The report also highlights recent success stories resulting from increased agriculture investment and enhanced CAADP-style policy reforms, such as those in Ghana, Ethiopia and Burkina Faso. In Ghana, agriculture is the biggest driver of poverty reduction, with initiatives such as credit reform, targeted subsidies for farmers, and new infrastructure supporting private sector investment, particularly in the cocoa sector. Perhaps no country illustrates the opportunities that agricultural investment can unlock better than Ethiopia. Three decades after experiencing a devastating famine that captured the world’s attention, the country has boosted cereal production and emerged as a leader in agricultural innovation, with an agriculture growth rate of 7% on average since 2003. In Burkina Faso, the government spends 10% of its budget on agriculture, resulting in growth rates of more than 6% per year in the sector. Following reforms, cotton production has tripled, leading to export earnings of $165 million and household income growing by between 19% and 43%.
Dr. Moyo added, “The good news is there are real success stories across the continent to build upon. These African-led successes must now be scaled, adopted and adapted across the region so that small farms can become small firms, young people can find good jobs and African economies can thrive. This virtuous cycle of agriculture-led industrialization will bring stability and prosperity across Africa. This is the future for African agriculture we can create together, if we seize the great opportunity of 2014.”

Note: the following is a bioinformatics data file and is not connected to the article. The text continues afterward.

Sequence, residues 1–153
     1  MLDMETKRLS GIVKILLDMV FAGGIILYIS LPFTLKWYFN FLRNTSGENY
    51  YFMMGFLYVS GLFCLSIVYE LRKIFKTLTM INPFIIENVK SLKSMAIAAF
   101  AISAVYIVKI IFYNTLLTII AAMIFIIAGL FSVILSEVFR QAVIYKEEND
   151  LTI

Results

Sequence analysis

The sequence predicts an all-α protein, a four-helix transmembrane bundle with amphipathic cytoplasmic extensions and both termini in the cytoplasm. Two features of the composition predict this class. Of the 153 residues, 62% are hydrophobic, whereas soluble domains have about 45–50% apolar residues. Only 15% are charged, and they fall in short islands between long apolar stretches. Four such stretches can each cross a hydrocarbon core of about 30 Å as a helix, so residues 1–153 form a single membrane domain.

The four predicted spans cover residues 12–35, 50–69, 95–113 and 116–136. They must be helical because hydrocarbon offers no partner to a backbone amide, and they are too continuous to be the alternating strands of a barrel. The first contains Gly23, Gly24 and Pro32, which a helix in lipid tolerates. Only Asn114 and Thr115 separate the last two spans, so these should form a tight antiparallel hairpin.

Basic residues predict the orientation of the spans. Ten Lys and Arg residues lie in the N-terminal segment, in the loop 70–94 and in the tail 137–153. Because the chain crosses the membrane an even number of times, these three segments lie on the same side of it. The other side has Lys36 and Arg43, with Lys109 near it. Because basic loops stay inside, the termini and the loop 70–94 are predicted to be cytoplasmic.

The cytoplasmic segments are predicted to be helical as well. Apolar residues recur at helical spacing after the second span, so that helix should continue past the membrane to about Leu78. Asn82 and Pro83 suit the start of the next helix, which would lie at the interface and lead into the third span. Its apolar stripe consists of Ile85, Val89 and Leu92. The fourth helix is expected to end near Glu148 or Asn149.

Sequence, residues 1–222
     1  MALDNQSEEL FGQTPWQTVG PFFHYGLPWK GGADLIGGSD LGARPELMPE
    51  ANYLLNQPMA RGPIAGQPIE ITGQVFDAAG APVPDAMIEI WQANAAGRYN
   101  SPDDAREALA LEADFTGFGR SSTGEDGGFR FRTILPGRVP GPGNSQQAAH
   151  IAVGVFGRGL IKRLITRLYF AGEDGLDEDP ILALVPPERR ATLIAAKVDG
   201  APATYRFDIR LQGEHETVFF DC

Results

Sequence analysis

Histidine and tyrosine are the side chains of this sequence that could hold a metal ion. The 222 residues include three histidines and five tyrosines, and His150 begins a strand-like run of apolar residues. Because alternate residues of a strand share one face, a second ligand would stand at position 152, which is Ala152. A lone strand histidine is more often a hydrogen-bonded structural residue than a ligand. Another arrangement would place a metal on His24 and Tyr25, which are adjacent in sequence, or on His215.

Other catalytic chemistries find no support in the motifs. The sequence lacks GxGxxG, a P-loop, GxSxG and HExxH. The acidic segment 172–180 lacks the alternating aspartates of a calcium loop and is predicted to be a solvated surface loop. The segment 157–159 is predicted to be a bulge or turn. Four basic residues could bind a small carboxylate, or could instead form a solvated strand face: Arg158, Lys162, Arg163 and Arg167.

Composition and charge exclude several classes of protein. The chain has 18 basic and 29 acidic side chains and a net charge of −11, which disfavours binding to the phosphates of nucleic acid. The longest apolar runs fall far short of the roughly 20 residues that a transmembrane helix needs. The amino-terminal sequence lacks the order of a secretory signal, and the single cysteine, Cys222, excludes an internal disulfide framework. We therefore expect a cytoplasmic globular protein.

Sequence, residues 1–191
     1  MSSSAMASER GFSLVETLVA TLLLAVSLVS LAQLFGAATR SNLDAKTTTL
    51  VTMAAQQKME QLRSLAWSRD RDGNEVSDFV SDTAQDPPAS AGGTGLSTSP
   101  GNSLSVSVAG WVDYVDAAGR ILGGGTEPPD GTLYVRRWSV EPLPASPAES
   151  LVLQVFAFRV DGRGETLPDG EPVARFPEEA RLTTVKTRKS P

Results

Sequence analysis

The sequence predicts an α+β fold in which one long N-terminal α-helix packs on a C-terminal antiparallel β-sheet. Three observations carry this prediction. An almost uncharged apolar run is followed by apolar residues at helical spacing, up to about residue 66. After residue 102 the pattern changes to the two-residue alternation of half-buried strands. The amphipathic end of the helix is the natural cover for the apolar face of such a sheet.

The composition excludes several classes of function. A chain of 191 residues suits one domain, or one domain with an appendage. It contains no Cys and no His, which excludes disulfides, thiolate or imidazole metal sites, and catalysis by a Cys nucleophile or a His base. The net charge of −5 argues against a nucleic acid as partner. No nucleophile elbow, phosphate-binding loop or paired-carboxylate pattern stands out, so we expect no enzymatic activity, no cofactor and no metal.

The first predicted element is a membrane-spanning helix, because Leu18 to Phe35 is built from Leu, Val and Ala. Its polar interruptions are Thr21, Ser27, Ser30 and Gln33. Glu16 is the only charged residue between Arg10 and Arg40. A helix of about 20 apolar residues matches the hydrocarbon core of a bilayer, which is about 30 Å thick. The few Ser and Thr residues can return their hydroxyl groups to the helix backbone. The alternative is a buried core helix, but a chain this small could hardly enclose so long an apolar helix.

Citizens can learn more and sign a petition in support of agriculture investment and the enhanced CAADP reforms at www.one.org/doagric.
About ONE ONE is a campaigning and advocacy organisation of more than 3.5 million people taking action to end extreme poverty and preventable disease, particularly in Africa. Strictly nonpartisan, we raise public awareness and press political leaders to combat AIDS and preventable diseases, increase investments in agriculture and nutrition, and demand greater transparency in poverty-fighting programs. ONE is not a grant-making organization and does not solicit funding from the public or receive government funding. ONE is funded almost entirely by a handful of philanthropists and foundations. We achieve change through advocacy. Our teams in Washington, D.C., London, Johannesburg, Brussels, Berlin, and Paris educate and lobby governments to shape policy solutions that save and improve millions of lives. To learn more, go to ONE.org.
 FAO 2012